Pet owners warn others after almost falling victim to alleged scam


HERMITAGE, Tenn. (WKRN) – Some people will go great lengths to make a quick buck.

In this case, it’s an alleged scammer, manipulating owners of lost pets to obtain cash rewards.

Thankfully, due to some quick thinking, the couple never fell victim, but they’re warning others on what to be on the lookout for.

Emily Flores and Ryan Carver’s dog, Ollie, ran off last Wednesday. The owners had just touched down in L.A for Thanksgiving with family, only to learn that during a fire alarm test in their apartment complex, the maintenance team accidentally let their dog out. 

Like many concerned pet owners, the couple created a flyer with Ollie’s photo on it, a phone number to contact them with and a reference to a $100 reward.

It wasn’t long until they received a text.

Emily said she immediately called the person back on the other line. But there was no answer.

“They immediately sent me a text message saying they couldn’t talk to me over the phone because their connection was poor,” Flores said. “That right there already sparked a flag.”

So she asked for a picture and was sent this:

​As the couple’s suspicions grew, the patience of the suspect, shrinks.

“You don’t think any of these things are going to happen to you don’t know your dog is going to get loose there are some people out there, out of all the good people that have helped search for our dog, there are people out there that will take advantage of someone that’s in this state [of mind],” Carver said.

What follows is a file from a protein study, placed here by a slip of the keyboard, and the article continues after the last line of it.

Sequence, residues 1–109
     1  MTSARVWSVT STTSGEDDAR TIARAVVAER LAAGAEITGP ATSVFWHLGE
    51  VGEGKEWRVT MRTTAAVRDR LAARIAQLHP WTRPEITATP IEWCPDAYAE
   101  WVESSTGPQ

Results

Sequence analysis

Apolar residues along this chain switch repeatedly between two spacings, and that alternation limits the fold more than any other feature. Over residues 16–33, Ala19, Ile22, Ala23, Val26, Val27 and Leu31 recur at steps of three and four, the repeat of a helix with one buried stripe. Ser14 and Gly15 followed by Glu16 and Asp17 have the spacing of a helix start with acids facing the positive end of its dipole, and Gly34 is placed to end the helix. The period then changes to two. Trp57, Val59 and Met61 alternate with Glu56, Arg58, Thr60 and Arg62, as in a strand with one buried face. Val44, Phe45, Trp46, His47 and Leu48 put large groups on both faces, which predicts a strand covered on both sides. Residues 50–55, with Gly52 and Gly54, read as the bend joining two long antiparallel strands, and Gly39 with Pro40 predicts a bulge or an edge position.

Thankfully, the couple never paid or met up with the mystery man or woman on the other line, but they hope you’ll pay attention to the BBB’s advice:

  1. Limiting the information in your social posts. Omit information about unique physical attributes. This can help you verify if someone really found your pet.​
  2. Watch for spoofed numbers– if you get a call from someone claiming to have your pet, ask them for a phone number where you can call them back.​
  3. Ask for a photo. If the “finder” gets defensive or makes excuses, it’s likely a scam.
  4. Never wire money or use a prepaid debit card to pay anyone you don’t know.​
  5. Microchip and/or id tag your pet.​

The couple contacted the Hermitage Police Precinct about the ordeal, but police told them there isn’t enough information to file a report and to check back next week.

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